Kneel

This weekend saw another flare up of social tensions highlighted on Sunday at NFL stadiums across the country. You know what happened. Last season, a mediocre but marginally successful (by league standards) quarterback in San Francisco, fed up with the treatment of young black men by several law enforcement officers, would kneel in silent protest during the national anthem. Earlier last week, President Trump unwisely decided to speak up on the topic saying, in monumentally unPresidential language, that NFL owners should fire players who chose to protest in similar fashion during the playing of the Star Spangled Banner prior to each game. Of course, Sunday came and there were protests across the league at every stadium and every team. There were displays of solidarity from players and various statements from owners addressing the situation. The reaction from fans as well as formerly disinterested parties has been as vibrant as it has been varied. From supportive posts on social media outlets to passionate vows to never watch NFL ball again, folks responded. This issue that had been relegated to the backburner and almost become stale, has been revived and now it’s all we can talk about.

In light of this, I’m struck by the reality that my daughters are completely unaware and virtually unaffected by any part of this issue. None of them show anything more than a passing interest in watching, much less playing, the game of football. None of them have been affected by the words of a President. None of them have experienced anything other than fun and trust in the presence of police officers. Every bit of this would be foreign to them. But, yesterday as I watched the late games, I started to think about my own reaction to this. What does a Dad do with this? What can I teach my daughters through this? I started thinking about the next few years. As they grow and mature and come to an understanding of the complexities of adulthood, what kind of training can I provide them that will help them navigate these kinds of things? What must my reaction be?

As I read responses in my news feed and listen to radio and television interviews and coverage of this story, I hear passionate stances on all sides; all with merit and validity. But, I cannot help but notice our propensity to weigh in on specific circumstances with complete opinionated clarity while having incomplete knowledge of these specific circumstances. We are unquestionably comfortable with allowing our preconceptions to fill in whatever gaps exist in the facts. We do not jump to conclusions. We cleverly construct them out of feelings and biases, and then we lean so heavily on them that they become our truth. We are quick to make judgment and quicker to pass sentence. From the comments about players needing to be made to remember that they get paid millions of dollars to play a game for a living to the calls for police officers to be completely disarmed to opinions about the employment decisions of professional sports team owners, our decisive judgments are characterized by haste and ignorance. We are quick to throw our stones and my guilt in this is shameful.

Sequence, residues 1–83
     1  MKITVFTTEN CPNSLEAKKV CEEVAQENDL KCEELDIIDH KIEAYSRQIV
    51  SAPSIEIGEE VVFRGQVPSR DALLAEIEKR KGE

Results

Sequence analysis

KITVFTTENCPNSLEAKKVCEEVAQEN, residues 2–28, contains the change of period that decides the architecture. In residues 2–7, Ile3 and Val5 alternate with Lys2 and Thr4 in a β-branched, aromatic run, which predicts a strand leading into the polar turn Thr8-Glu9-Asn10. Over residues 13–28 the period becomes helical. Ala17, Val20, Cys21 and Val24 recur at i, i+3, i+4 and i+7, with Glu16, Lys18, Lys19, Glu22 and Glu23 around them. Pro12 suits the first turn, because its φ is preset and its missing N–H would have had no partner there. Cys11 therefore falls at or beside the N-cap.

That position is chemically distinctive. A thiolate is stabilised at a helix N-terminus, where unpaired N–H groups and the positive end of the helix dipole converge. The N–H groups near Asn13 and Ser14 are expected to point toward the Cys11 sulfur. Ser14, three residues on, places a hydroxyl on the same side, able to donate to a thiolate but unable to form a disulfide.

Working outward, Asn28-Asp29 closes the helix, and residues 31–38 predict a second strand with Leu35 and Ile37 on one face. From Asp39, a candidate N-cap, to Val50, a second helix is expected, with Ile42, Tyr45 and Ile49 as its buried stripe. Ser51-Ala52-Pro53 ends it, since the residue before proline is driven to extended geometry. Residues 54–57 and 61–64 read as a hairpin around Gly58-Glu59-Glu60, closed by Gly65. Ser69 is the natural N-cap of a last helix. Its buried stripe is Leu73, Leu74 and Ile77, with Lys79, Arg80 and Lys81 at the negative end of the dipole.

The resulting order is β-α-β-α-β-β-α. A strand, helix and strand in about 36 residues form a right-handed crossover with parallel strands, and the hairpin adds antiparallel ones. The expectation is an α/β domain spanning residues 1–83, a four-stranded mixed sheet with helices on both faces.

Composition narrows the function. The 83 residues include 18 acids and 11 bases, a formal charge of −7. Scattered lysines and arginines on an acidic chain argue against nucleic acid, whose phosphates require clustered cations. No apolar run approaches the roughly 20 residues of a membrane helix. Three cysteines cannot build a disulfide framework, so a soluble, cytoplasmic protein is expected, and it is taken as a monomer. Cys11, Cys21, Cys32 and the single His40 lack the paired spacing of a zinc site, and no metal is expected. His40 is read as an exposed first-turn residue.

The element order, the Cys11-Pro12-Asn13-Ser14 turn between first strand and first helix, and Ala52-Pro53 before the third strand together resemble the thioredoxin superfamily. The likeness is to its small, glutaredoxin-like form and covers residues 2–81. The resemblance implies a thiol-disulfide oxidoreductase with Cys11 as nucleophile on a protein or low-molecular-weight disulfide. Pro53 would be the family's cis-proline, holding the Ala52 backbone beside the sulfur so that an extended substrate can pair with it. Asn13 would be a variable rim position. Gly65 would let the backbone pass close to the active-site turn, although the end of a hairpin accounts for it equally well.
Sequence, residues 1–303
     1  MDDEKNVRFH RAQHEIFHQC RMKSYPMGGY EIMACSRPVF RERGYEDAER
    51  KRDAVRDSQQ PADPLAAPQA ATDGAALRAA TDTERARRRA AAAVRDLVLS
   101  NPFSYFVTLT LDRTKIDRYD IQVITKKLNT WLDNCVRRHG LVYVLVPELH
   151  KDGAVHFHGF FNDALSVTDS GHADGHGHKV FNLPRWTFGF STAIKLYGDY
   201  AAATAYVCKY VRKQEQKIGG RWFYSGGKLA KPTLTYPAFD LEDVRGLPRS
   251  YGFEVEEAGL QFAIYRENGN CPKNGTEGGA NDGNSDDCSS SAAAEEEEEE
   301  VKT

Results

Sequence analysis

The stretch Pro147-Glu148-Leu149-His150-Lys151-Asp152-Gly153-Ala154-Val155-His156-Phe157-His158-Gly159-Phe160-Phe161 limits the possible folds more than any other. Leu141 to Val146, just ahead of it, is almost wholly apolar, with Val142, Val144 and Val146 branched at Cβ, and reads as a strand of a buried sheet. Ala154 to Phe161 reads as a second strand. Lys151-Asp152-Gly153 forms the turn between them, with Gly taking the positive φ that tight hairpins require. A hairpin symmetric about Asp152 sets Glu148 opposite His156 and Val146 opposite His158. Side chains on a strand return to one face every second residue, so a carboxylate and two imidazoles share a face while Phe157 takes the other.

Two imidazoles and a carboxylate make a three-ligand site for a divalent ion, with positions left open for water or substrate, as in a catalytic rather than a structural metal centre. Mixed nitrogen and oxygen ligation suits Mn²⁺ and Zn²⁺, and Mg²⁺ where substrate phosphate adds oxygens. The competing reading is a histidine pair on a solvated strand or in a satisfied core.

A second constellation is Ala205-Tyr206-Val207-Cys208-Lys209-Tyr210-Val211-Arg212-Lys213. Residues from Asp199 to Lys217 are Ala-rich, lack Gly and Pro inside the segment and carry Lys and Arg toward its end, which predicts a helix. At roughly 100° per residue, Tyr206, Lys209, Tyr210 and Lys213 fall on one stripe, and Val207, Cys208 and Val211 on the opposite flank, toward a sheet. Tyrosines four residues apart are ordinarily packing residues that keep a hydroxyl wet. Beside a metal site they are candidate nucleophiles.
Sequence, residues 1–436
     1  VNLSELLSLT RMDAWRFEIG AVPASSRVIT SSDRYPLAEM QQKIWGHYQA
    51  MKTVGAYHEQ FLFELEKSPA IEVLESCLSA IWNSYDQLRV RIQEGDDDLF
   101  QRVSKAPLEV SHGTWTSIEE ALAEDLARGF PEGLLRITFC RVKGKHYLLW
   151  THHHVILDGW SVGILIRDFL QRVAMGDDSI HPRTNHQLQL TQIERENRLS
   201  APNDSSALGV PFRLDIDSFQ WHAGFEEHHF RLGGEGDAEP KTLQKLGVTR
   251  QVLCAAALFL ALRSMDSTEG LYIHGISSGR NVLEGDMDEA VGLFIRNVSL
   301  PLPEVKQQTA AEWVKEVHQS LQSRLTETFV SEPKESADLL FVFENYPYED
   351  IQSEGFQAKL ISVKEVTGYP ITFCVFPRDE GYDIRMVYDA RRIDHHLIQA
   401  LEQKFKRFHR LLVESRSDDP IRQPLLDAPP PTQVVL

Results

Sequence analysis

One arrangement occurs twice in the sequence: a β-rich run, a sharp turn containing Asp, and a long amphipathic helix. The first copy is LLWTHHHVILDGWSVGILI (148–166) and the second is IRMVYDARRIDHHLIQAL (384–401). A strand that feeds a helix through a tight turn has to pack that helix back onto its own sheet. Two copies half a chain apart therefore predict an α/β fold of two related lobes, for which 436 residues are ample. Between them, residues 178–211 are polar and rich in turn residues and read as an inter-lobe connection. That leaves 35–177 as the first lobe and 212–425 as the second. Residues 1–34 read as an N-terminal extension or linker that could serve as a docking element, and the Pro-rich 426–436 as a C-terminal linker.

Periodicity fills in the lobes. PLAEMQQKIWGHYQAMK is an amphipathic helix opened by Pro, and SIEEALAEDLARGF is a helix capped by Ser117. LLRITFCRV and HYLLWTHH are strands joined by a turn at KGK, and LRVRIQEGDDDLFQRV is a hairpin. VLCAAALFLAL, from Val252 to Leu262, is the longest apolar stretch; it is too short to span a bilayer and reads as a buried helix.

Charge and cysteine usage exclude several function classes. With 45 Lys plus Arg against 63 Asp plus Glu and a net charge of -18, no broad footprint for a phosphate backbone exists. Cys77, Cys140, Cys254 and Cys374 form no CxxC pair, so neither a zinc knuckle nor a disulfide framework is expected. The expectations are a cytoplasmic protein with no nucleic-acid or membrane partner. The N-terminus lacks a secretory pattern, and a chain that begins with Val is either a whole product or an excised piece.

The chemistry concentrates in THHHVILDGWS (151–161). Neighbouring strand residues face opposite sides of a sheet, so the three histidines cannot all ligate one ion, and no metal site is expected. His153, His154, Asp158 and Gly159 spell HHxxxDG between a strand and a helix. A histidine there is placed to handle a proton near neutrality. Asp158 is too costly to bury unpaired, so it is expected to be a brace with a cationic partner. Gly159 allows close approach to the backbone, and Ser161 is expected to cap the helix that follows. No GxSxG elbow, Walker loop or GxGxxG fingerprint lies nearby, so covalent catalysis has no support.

Regardless of how I feel about the manner of the protest, I can teach my daughters the habit of empathetic listening. I can frame each side of this current scuffle with honest conversations.

I can talk with the girls about what it must feel like to constantly have to watch your back when encountering law enforcement officers. I can highlight for them the fact that I can drive hundreds of miles passing dozens of cops without even a second thought of being pulled over but I have dear friends who seem to be stopped every single time an officer drives by. We can talk about specific instances of police brutality. And we can talk about very real racism. We can empathize together although we’ve never experienced these things.

I can talk with the girls about how unbelievably difficult it must be to work as a police officer. We can discuss the constant scrutiny and pressure thrown their way every minute they are on the job. We can talk about their compensation and about how it does not come anywhere near matching the value they provide. We can think about what it must feel like to do everything within your power to be light to a dark place and then, if they make it home, go to bed at night feeling like nothing is good enough. We can empathize together although we’ve never experienced these things.

I can talk with the girls about how the combat veteran must feel as he or she watches all this play out. We can discuss how the memory of all they sacrificed still works many of them over on a daily basis. We can think about how they visit the graves of their friends who didn’t make it back. We can try to put ourselves in their place as they deal with what must seem like an ungrateful nation. And we can imagine the deep sense of betrayal they must experience when they see our national symbols disrespected. We can empathize together although we’ve never experienced these things.

I can talk with the girls about how Colin Kaepernick must feel. We can imagine the scenario where regardless of how much money he makes or how much notoriety he garners, he seems to want to use the only platform he has to attempt to call attention to mistreatment of folks who don’t have his platform. We can think about how he must feel to have perfect strangers hate him for it. We can empathize together although we’ve never experienced these things.

I don’t know what the solution is, here. It seems we have a long way to go. But I do know that, of all the things I want my girls to see in me, the most important lessons are that I am helplessly devoted to their mother and that I always treated everyone with empathy. I want them to see their father walking miles in the shoes of others.

 

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